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COMM 60: Journalism (Davis)

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Evaluating Sources

Here are some ideas on how to evaluate the quality of sources. Not every element is relevant for every topic.

  • Credentials of the author - Is the author an expert in the field, someone writing/speaking outside their area of expertise, a knowledgeable amateur, or someone with limited / no knowledge of the topic?
  • Reputation of the source - Similar to author's credentials, some sources have a reputation for objectivity while others are know to have a particular bias
  • Bias - every author/source exhibits some bias. Is the bias obvious or subtle? Is the author clearly arguing a position or claiming to be neutral but they really aren't. For example, appealing to "common sense gun control" sounds neutral, but can mean very different things to conservatives and liberals.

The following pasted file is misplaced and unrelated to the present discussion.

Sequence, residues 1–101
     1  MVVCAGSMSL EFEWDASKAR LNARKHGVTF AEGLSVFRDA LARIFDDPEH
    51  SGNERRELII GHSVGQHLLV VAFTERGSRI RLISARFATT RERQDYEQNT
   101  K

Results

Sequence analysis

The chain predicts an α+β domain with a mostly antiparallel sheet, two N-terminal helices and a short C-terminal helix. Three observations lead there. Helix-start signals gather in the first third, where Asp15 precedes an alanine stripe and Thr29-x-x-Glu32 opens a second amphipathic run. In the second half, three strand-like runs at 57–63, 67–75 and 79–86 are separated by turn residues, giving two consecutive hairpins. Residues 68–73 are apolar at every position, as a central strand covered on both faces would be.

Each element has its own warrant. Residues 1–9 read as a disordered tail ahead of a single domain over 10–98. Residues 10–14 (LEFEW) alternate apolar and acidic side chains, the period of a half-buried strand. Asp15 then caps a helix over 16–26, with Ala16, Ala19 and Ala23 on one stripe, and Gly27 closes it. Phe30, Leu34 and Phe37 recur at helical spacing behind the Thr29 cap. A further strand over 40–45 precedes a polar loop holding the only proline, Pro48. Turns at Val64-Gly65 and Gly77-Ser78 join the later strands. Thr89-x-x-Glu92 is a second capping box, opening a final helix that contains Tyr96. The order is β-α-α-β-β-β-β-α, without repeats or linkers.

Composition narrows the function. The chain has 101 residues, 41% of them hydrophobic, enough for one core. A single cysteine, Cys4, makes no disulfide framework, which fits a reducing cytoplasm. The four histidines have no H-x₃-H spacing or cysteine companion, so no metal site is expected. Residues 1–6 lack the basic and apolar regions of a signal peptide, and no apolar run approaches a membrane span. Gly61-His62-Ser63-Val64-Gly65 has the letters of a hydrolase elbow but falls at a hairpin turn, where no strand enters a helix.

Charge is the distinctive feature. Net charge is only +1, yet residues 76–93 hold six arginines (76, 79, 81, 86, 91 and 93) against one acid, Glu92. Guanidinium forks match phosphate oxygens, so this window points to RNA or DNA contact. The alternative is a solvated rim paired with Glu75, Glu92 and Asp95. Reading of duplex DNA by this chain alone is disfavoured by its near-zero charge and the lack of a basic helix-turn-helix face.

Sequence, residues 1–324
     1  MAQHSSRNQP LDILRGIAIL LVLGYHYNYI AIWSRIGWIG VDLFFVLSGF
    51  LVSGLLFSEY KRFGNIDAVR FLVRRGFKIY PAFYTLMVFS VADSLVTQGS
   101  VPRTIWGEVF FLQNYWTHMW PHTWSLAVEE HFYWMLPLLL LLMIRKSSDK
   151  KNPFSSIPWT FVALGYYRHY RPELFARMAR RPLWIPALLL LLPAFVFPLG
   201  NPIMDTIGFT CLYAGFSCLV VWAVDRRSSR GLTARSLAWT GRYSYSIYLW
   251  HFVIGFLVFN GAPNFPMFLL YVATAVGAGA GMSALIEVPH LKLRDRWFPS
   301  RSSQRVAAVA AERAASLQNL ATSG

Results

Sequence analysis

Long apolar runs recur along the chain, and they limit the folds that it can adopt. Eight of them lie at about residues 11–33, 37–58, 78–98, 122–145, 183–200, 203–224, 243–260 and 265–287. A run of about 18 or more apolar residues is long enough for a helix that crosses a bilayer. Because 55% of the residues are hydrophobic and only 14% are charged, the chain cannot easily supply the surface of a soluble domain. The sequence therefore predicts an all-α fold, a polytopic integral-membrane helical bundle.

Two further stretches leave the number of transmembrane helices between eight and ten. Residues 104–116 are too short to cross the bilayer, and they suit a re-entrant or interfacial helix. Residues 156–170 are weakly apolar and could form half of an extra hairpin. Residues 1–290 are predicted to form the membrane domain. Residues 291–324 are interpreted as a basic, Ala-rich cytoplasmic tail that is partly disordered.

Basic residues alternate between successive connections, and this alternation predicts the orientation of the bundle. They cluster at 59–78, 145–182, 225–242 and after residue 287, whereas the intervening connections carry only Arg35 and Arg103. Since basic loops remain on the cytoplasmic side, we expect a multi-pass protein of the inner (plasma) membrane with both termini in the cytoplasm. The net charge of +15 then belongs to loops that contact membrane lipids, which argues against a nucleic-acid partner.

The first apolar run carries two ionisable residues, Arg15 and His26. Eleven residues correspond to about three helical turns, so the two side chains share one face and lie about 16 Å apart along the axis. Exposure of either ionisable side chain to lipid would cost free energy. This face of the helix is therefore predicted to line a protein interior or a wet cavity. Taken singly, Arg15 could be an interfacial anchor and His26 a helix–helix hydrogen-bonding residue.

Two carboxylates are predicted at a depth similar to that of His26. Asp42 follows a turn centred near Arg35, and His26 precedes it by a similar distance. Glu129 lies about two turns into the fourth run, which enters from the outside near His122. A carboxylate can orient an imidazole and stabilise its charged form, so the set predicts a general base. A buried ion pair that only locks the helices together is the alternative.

• Source is a special interest (e.g., nonprofit, company) - These sources can have a built-in bias, but still provide very useful information.
  • Type of source (e.g. newspaper, book, social media site) - Each format shapes the information in certain ways.
  • Date of publication - Sometimes you need the most recent information, sometimes older information is just as well. If you want the Roman Catholic Church's views on lesbians and gays, officially it hasn't really changed much in recent decades. If you need to know the legal status for lesbians / gays, you need the latest federal or state information.
  • Information presented can be verified - reputable news organizations try to find at least two sources that can verify the information
  • Line between facts and opinion is clear - sometimes the difference is obvious (e.g., editorials), sometimes challenging to detect.
  • Does the evidence presented supports the conclusion(s)?